573 P.2d 525
No. 1 CA-CIV 3372.Court of Appeals of Arizona, Division One, Department B.
November 15, 1977. Rehearing Denied December 23, 1977.
Appeal from the Superior Court, Maricopa County, Cause No. C-300140, Harold D. Martin, J.
Renaud, Cook Videan by J. Gordon Cook, Robert M. Geiger, Phoenix, for appellant.
O’Connor, Cavanagh, Anderson, Westover, Killingsworth
Beshears, P.C. by Henry L. Timmerman, Jeffrey B. Smith, Phoenix, for appellee.
On this appeal from summary judgment we are asked to determine whether appellant is entitled to recover rental charges for a crane used in the construction of a building for which appellee was the general contractor.
In 1974, the appellee, Del E. Webb Corporation (Webb) contacted Meyeres and Sons Crane Service, Inc., (Meyeres) to obtain necessary crane rentals for the construction of the Physics and Geology Building at Arizona State University. Webb’s agreement with Meyeres provided that the crane to be supplied would be changed from time to time as the building took shape and the need arose for larger capacity cranes. In July of 1974 it was apparent that the 45 ton crane then on the construction site would require an extension in order for work to proceed on higher levels. Meyeres’ arrangements to obtain the needed extension fell through. Meyeres informed Webb that it would rent a crane from another rental company until Meyeres obtained its own equipment. Webb had no objection as long as it was still billed according to the rate originally agreed upon for the 45 ton crane plus extension. Meyeres consented and informed Webb that Meyeres would arrange and pay for the temporary crane and absorb any loss.
Meyeres then leased a 125 ton crane from appellant, Advance Leasing Crane Co., Inc. (Advance) to temporarily service the Webb project. This crane far exceeded the capacity necessary for the work to be done and the rental cost to Meyeres substantially exceeded the rates at which Meyeres billed Webb.
Advance’s crane was on the ASU job for approximately ten days. All billings for the rental were made by Advance to Meyeres. Webb’s construction supervisor directed the work done by appellant’s crane on the job site. However, the record shows and counsel for Advance concedes that no contractual relationship existed between Advance and Webb.
Meyeres failed to pay Advance for rental of the 125 ton crane and Advance brought suit against both Meyeres and Webb. The trial court granted Webb’s motion for summary judgment.
The record fails to show the existence of any genuine issue of material fact that would preclude summary judgment. Therefore, we must decide as a matter of law whether appellant was entitled to recover based upon the legal theories presented to the trial court.
Appellant first seeks recovery based upon a theory of quantum meruit. Appellant contends that it conferred a benefit resulting in unjust enrichment to Webb. We reject this contention.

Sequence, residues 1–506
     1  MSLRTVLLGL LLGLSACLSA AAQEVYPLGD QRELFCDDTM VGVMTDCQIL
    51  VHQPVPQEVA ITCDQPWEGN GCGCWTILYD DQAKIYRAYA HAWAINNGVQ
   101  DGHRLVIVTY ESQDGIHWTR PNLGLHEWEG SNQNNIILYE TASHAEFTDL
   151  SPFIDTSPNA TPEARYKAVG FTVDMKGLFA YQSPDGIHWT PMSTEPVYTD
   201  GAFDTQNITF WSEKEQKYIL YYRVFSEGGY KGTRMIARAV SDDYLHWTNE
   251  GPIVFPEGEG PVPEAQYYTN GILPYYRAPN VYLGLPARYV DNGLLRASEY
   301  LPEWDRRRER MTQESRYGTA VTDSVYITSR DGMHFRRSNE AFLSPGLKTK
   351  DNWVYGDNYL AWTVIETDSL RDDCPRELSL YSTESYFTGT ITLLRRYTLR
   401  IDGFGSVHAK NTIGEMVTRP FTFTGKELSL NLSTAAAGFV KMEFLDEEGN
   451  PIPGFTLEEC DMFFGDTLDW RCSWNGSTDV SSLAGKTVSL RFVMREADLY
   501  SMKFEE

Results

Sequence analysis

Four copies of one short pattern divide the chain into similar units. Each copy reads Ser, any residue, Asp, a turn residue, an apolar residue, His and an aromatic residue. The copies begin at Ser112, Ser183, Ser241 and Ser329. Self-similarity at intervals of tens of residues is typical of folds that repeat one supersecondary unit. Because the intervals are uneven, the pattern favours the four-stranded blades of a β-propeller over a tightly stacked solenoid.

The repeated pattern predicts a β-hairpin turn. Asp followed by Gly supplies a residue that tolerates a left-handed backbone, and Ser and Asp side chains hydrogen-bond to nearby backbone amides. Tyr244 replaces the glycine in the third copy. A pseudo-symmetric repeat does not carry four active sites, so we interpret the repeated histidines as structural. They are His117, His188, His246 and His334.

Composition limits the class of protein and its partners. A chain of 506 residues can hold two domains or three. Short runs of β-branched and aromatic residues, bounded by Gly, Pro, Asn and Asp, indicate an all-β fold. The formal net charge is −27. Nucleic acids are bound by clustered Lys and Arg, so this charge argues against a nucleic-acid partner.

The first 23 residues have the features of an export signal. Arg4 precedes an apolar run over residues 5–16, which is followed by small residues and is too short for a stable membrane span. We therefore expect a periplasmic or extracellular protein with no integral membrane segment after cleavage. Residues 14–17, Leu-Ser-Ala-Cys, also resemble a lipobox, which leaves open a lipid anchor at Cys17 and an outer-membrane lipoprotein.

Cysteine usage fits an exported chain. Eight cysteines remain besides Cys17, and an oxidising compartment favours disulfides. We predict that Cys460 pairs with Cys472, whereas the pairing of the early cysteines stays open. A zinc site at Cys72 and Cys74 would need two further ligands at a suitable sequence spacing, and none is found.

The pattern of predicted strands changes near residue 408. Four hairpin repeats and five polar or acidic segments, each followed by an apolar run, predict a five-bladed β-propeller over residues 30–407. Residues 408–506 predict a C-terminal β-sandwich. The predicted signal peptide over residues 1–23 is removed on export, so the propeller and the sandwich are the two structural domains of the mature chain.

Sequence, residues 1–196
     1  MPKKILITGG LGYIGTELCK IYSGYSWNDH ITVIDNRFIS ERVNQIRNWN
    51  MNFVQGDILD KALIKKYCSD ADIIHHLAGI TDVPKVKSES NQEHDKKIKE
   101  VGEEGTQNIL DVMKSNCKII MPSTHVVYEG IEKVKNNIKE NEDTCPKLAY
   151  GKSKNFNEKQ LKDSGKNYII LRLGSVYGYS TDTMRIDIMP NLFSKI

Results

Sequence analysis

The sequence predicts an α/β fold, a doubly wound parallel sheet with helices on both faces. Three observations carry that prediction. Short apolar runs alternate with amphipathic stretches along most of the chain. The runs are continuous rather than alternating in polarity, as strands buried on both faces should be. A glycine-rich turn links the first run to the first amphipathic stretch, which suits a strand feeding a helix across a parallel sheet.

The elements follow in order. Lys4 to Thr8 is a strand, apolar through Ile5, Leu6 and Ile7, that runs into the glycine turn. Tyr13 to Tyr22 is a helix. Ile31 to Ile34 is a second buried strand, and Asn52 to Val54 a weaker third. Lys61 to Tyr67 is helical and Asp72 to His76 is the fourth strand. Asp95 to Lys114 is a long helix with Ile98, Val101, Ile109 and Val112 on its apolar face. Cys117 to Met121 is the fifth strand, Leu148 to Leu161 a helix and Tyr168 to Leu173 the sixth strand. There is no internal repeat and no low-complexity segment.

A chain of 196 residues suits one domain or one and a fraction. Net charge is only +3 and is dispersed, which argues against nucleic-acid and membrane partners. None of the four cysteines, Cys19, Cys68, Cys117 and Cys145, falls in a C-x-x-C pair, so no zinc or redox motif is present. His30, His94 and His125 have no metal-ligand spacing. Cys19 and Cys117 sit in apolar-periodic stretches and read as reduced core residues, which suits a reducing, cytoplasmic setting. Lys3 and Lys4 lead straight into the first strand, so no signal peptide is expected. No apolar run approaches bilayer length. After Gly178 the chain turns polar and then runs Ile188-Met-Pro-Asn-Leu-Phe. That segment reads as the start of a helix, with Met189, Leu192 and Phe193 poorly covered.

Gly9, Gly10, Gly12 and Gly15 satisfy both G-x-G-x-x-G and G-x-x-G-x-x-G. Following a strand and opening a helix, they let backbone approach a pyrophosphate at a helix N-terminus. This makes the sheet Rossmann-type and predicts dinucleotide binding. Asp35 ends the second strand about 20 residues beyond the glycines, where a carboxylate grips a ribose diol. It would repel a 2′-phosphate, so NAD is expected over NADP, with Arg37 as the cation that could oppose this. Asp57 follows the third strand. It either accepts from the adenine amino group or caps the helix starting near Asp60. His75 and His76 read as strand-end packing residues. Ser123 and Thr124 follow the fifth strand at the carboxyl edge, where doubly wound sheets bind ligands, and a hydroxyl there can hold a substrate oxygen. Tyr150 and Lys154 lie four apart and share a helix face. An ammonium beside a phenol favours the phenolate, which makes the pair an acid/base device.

It was undisputed that a contract existed between Meyeres and Advance whereby Meyeres was to pay Advance at a fixed rate for the rental of the crane. The doctrine of quantum meruit has no application where an explicit contract exists. Brown v. Beck, 68 Ariz. 139, 143, 202 P.2d 528, 530 (1949); Ashton Co., Inc., Contractors and Engineers v. State, 9 Ariz. App. 564, 570, 454 P.2d 1004, 1010 (1969). These cases are consistent with the applicable section of the Restatement of Restitution which reads as follows:
“§ 110 RESTITUTION FROM BENEFICIARY OF A CONTRACT WITH THIRD PERSON WHO HAS FAILED TO PERFORM.
“A person who has conferred a benefit upon another as the performance of a contract with a third person is not entitled to restitution from the other merely because of the failure of performance by the third person.”
The Arizona courts have made it clear that they will follow the sound reasoning of the Restatement in the absence of contrary Arizona law. Waddell v. White, 56 Ariz. 525, 109 P.2d 843
Additionally, the theory of quantum meruit is inapplicable because Webb paid Meyeres the contractual price for use of the crane. The fact that the contractual price between Webb and Meyeres fell far below the rate at which Meyeres promised to compensate Advance is immaterial. Webb gave consideration for the benefit received and thereby was not unjustly enriched. Cf. Paschall’s Inc. v. Dozier, 219 Tenn. 45, 407 S.W.2d 150 (1966) Gebhardt Bros., Inc. v. Brimmel, 31 Wis.2d 581, 143 N.W.2d 479 (1966).
Quantum meruit is an equitable remedy not warranted by the facts presented to the trial court. Webb did not contemplate incurring the cost of hiring a crane of a size that far exceeded its needs. Webb merely gave permission to Meyeres to substitute a crane at Meyeres’ expense until Meyeres could bring in its own crane. Webb specifically conditioned its permission upon being billed at the original rental rates for the smaller crane. This was known to Advance at the time of its agreement with Meyeres. Meyeres had assumed the risk of making sufficient profit from remaining on the ASU job to make up its loss on the rental of the Advance crane. Likewise, Advance assumed the risk that Meyeres would be able to pay. This risk cannot now be shifted to Webb.